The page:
Italy’s PM says fascism is ‘consigned to history’. Not everyone is so sure


At the site in Milan where Sergio Ramelli, a far-right student, was killed almost half a century ago by anti-fascists, a leader gathers his loyalists, summoning them to attention with a shout of “camerata,” or “brother-in-arms,” followed by Ramelli’s name. The scene unfolds with stiff right arms outstretched, palms facing down, a fascist salute reminiscent of Italy’s past. While this spectacle may strike outsiders as extraordinary, it’s a familiar occurrence in Italy, where similar commemorations happen annually.

Italy’s current government, led by the Brothers of Italy party, traces its roots to post-war fascism. Prime Minister Giorgia Meloni insists her movement has evolved, distancing itself from its origins. However, skepticism persists regarding the party’s alignment with far-right ideologies.

Paolo Berizzi, a journalist under 24-hour police protection due to threats from extremist groups, contends that fascism lingers in the Italian psyche. Despite Italy’s fascist dictator Benito Mussolini being ousted in 1945, his legacy endures. Mussolini’s regime, marked by brutal repression, concentration camps, and antisemitic laws, left a lasting imprint on Italian society.

Though Mussolini’s fascist party was banned post-war, elements persisted under different guises, notably the Movimento Sociale Italiano (MSI). Neo-fascist politicians gradually gained acceptance, with Silvio Berlusconi’s coalition including them in 1994, marking their mainstream emergence.

Giorgia Meloni, once a member of the MSI youth wing, has steered her party away from far-right positions since becoming Prime Minister. Despite previous controversial remarks, her rhetoric has shifted towards mainstream European conservatism. However, critics argue she still subtly nods to her political roots.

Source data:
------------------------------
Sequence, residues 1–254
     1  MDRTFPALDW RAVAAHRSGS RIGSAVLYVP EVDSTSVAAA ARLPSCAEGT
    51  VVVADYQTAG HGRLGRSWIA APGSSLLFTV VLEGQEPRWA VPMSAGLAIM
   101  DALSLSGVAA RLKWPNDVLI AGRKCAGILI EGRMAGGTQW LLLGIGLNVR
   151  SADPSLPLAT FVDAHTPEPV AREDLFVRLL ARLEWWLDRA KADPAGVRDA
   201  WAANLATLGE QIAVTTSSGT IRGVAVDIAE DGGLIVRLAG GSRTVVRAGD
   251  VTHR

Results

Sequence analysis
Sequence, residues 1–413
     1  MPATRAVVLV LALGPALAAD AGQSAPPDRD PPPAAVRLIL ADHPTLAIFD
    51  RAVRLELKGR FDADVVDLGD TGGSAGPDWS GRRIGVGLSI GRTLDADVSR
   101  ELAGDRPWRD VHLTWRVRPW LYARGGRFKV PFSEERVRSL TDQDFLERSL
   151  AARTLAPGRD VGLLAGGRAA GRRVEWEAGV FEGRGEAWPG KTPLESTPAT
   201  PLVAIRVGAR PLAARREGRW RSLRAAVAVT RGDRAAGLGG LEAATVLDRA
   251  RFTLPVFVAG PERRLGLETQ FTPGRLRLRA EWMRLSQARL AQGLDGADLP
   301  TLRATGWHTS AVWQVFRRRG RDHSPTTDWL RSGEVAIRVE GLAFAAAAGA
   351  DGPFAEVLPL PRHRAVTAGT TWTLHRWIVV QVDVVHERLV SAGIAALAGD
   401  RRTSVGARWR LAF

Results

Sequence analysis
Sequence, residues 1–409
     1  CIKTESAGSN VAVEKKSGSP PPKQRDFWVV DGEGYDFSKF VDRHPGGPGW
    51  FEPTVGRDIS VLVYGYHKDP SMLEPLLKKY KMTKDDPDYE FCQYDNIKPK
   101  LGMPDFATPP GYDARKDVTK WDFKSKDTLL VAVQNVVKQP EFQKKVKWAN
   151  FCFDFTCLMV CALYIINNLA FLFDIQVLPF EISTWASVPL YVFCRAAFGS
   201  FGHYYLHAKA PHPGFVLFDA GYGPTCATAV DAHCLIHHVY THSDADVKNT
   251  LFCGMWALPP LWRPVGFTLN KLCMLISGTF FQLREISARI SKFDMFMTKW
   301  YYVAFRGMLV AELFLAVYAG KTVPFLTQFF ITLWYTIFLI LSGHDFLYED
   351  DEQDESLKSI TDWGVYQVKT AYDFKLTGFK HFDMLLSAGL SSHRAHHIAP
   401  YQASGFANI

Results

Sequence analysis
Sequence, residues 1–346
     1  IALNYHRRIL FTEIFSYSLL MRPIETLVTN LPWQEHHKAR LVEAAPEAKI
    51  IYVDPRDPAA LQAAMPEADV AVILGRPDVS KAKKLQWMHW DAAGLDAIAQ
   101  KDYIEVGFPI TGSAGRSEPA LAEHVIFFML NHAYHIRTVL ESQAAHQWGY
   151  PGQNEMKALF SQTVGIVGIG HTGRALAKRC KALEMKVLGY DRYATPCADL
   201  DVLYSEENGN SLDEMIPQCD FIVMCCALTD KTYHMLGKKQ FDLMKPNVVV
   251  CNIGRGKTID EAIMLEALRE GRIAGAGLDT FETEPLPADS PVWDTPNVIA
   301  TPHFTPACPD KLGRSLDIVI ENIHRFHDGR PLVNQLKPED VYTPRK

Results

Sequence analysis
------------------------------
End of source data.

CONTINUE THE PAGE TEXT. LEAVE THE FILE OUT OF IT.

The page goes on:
Some fear Meloni’s reluctance to crack down on extremist groups stems from her own party’s past affiliations. The 1952 Scelba Law, intended to curb fascist resurgence, has seen limited enforcement. Forza Nuova, a fringe far-right party advocating extreme positions, exemplifies the persistence of radicalism in Italian politics.

Forza Nuova, though not represented in parliament, garners attention through protests and violent actions against immigrants. Founder Roberto Fiore defends the party’s actions, portraying them as defending freedoms against perceived threats. Despite facing comparisons to fascist regimes, Fiore maintains a defiant stance, rejecting condemnation of Mussolini’s regime and advocating for controversial geopolitical positions.

In our conversation, Fiore attempts to justify his party’s actions, minimizing the violence of Mussolini’s regime and promoting divisive geopolitical views. His rhetoric underscores the ongoing struggle to confront Italy’s fascist legacy and the challenges posed by radical ideologies in modern society.


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